Pensions have not been far from the headlines in 2010 and the coming years will be no different. In this Alert, we look at the key aspects of proposed Government pension reforms.
The proposed reforms are a response to the findings that people are living longer but not saving enough to live on when they retire. To solve the problem, the previous Government mooted the idea of automatically enrolling people into a pension in order to “force” employees to save for their retirement. The coalition Government commissioned a report on the issue, the findings of which it has said it will implement, with legislation to be drafted. However, the plan is for implementation on 1 October 2012.
The proposed workplace pension reforms have potentially far-reaching consequences for the costs and administration of a business. Therefore, whilst legislation is pending, employers should be aware of what is on the horizon.
Between October 2012 and October 2016, all employers will have to enrol eligible jobholders into a qualifying workplace pension scheme. Current thinking is that eligible jobholders will be workers who are:
working or ordinarily work in Great Britain
aged at least 22 but have not yet reached State Pension Age (65 at present)
earning more than the lower limit of the income tax personal allowance (£7,475 in 2011/12)
Automatic enrolment is being rolled out by a method called “staging”. The “staging date” (or start date) is determined by size of employer, with the largest employers having to enrol their workforces first. The employers who are due to enrol between 1 October 2012 and 1 November 2012 will be allowed to start auto enrolment from as early as July 2012.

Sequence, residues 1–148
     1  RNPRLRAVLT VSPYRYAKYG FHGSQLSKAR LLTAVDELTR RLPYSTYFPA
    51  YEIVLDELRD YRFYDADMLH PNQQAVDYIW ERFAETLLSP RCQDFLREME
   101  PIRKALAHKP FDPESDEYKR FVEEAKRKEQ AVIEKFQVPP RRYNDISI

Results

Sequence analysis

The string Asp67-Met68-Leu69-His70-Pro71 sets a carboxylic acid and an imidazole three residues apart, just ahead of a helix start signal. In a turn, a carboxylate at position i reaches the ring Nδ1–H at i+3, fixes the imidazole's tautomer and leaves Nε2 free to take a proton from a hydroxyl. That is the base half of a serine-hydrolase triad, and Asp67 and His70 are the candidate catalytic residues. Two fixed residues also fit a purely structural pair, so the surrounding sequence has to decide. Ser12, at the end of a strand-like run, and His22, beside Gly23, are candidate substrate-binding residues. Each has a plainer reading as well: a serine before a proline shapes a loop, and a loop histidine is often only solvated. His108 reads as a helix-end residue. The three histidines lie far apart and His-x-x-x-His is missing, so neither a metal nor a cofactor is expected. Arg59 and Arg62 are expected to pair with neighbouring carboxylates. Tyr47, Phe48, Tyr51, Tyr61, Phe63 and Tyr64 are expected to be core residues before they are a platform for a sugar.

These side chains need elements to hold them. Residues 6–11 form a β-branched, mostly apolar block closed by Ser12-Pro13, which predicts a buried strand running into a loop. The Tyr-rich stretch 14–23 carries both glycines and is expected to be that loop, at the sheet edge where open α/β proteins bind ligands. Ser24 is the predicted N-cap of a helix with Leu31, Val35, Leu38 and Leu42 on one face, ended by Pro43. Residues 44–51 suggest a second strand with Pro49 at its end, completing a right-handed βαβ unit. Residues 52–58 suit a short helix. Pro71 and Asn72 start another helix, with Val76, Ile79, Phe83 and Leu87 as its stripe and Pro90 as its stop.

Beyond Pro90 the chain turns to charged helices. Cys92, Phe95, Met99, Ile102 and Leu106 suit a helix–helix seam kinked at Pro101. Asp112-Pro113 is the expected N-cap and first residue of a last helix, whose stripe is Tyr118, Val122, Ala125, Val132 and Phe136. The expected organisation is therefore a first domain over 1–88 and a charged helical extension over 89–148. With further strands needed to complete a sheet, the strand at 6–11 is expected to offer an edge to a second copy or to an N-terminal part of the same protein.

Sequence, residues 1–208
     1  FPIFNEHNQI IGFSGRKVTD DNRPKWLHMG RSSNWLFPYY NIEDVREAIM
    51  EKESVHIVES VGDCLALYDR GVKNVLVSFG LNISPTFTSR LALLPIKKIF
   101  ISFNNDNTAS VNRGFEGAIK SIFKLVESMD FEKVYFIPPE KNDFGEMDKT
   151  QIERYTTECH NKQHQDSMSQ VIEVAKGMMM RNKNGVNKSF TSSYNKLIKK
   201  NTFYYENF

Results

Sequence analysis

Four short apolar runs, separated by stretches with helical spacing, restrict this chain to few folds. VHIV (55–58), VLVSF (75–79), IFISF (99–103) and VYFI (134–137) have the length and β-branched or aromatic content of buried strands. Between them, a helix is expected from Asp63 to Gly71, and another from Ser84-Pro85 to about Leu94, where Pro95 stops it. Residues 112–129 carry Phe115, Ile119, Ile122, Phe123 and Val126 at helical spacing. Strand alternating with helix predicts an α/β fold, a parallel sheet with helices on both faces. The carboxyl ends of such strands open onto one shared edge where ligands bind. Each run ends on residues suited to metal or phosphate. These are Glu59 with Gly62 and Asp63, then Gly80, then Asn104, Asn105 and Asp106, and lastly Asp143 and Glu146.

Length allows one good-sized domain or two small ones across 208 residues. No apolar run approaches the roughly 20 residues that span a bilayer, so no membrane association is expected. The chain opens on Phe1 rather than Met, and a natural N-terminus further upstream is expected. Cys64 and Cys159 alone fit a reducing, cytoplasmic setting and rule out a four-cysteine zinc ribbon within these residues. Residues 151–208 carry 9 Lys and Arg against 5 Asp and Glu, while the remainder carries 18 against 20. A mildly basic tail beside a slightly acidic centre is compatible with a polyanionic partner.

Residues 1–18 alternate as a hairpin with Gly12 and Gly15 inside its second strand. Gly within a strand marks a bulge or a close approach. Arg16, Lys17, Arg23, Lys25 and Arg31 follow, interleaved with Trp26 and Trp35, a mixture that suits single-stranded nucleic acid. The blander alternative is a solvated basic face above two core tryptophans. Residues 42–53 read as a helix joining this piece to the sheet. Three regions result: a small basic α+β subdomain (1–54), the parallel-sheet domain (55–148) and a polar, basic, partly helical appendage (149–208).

A new national pensions saving scheme, the National Employment Savings Trust (“NEST”), will be available to support automatic enrolment, providing a scheme for employers who do not currently have one. Employers with established pension schemes may use NEST as an alternative scheme for some or all of their workforce.
What the proposed reforms mean for employers
Implementation of the currently proposed reforms will mean that employers will have to:
make a 3% contribution on qualifying earnings between approximately £5,700 and £33,500 (figures to be finalised);
enrol all eligible jobholders during a one-month joining window;
let all eligible jobholders know they have the right to opt-out in the month after enrolment;
register with The Pensions Regulator and provide the Regulator with information on how the employer met its duties;
administer opt-outs and refunds;
re-enrol jobholders who opt out every 3 years; and
keep records (for at least 6 years) showing how they have complied with their statutory duties.
The Report recommends that legislation allows employers a 3 month waiting period before enrolling new employees. Also beneficial from the employer’s viewpoint, is the Report’s recommendation that the Government should introduce a simple certification scheme for employers already offering defined contribution pensions, to ensure that these pensions meet the standards required for auto-enrolment.
Employers should soon turn their minds to the impact the reforms will have on their business, reflecting on whether administering the scheme will require adaptation of payroll systems, staff training, or possibly even outsourcing of some functions.
The Pensions Regulator will police compliance. Financial penalties (of up to £10,000 a day) and criminal penalties are threatened for non-compliance.
What happens next?
The Pensions Regulator will inform employers when their staging date is and what they must do to comply with their auto enrolment duties. Employers should expect to hear from the Regulator 12 months ahead of the relevant staging date (so expect a letter no earlier than October 2011). We would be delighted to assist you through the process, or to answer any questions you may have in advance of your staging date.